“In the morning
Ain’t We Got Fun? is a piece of music published in 1921. The track’s reference here is ironic, for it has been suggested that the song is about working-class unrest. George Orwell wrote:
All through the war and for a little time afterwards there had been high wages and abundant employment; things were now returning to something worse than normal, and naturally the working class resisted. The men who had fought had been lured into the army by gaudy promises, and they were coming home to a world where there were no jobs and not even any houses. Moreover, they had been at war and were coming home with a soldier’s attitude to life, which is fundamentally, in spite of discipline, a lawless attitude. There was a turbulent feeling in the air.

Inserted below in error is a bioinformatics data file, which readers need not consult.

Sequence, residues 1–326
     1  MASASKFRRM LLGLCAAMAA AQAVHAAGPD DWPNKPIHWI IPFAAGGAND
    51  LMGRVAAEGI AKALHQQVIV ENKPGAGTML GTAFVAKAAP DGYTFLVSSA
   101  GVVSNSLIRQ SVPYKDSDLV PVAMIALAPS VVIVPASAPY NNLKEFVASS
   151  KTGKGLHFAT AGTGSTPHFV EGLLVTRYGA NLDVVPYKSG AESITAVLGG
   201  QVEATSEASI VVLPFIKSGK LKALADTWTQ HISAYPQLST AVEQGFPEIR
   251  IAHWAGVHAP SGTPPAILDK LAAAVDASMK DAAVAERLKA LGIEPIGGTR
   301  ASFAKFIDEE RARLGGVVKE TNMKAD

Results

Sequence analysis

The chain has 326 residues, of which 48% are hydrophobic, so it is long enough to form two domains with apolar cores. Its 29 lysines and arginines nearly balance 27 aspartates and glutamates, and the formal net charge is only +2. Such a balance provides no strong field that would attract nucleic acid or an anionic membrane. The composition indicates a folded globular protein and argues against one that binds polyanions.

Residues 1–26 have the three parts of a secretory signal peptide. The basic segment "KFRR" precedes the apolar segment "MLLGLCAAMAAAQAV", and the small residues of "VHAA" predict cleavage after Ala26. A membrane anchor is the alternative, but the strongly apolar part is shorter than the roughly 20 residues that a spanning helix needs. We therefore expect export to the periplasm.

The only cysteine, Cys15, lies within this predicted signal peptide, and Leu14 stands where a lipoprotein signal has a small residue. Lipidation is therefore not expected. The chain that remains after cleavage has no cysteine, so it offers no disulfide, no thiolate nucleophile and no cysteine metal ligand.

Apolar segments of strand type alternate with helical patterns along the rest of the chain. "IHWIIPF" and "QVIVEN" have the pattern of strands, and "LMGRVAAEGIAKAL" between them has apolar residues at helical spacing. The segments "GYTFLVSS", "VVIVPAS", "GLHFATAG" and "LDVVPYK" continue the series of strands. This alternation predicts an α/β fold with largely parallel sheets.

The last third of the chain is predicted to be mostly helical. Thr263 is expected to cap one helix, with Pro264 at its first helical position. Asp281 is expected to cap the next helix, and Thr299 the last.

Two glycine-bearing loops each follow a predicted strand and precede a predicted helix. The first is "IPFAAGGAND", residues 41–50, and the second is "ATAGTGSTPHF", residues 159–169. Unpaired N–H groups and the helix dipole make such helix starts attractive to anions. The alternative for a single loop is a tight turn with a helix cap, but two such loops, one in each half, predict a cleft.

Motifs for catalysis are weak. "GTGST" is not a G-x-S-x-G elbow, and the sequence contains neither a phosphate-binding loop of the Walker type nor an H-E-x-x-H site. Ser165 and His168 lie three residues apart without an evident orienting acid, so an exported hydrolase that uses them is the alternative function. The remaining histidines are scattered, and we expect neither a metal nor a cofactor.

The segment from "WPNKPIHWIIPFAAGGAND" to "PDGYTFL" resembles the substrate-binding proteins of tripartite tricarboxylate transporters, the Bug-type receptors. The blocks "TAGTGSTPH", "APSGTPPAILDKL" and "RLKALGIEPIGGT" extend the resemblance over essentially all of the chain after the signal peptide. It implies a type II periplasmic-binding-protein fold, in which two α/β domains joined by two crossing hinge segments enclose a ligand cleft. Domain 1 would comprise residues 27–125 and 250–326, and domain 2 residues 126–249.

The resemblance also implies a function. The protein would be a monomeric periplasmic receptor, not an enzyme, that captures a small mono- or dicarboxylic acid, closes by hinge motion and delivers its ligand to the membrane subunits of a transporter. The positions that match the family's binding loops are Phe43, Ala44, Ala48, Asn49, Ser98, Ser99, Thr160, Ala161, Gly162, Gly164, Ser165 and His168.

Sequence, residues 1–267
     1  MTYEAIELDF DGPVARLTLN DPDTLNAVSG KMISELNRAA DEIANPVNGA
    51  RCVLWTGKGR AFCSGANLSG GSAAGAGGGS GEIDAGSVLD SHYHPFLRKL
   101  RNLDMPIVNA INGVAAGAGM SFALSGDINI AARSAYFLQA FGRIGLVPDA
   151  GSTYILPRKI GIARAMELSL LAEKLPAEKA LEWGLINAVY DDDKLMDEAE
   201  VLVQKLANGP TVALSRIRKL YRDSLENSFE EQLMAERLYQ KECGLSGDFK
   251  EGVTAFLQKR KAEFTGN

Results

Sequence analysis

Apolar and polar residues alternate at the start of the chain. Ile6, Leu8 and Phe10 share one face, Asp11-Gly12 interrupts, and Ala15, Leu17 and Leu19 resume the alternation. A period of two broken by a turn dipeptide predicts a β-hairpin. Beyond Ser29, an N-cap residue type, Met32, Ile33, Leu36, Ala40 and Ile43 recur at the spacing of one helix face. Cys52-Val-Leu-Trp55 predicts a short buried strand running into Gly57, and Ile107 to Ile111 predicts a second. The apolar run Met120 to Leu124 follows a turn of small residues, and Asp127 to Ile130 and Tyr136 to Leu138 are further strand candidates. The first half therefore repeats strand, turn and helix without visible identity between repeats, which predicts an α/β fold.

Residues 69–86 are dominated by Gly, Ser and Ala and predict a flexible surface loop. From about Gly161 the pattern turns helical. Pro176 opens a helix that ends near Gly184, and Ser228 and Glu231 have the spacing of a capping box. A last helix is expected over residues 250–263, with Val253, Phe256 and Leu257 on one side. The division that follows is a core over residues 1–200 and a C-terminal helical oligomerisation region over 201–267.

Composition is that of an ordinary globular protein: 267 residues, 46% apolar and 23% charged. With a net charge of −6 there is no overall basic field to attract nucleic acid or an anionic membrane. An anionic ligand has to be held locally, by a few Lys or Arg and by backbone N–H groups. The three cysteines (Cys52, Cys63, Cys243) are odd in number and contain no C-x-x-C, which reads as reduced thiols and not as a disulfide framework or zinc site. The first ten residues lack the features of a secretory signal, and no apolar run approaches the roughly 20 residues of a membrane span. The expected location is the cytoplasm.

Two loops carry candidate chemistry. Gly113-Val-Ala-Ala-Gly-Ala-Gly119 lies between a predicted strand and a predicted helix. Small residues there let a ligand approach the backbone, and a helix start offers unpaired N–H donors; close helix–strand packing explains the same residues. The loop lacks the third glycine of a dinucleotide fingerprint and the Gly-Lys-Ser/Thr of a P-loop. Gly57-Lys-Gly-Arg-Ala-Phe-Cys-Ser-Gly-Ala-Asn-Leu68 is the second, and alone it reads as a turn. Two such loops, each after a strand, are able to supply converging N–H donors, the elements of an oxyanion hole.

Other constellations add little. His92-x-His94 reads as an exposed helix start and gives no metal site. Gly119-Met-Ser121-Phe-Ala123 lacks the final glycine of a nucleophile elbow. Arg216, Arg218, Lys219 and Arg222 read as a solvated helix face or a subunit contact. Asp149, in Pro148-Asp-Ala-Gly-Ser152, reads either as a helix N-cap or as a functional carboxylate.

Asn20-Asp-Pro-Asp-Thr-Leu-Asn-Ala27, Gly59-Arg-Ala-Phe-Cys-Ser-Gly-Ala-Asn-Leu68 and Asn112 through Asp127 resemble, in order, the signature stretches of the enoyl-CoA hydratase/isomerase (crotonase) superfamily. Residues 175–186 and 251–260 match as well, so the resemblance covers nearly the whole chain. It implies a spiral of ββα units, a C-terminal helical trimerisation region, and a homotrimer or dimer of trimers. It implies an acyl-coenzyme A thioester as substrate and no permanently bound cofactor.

This from a track played in front of Gatsby and Daisy, both of whom possess massive wealth.
To help improve the meaning of these lyrics, visit "The Great Gatsby (Chapter V)" by F. Scott Fitzgerald and leave a comment on the lyrics box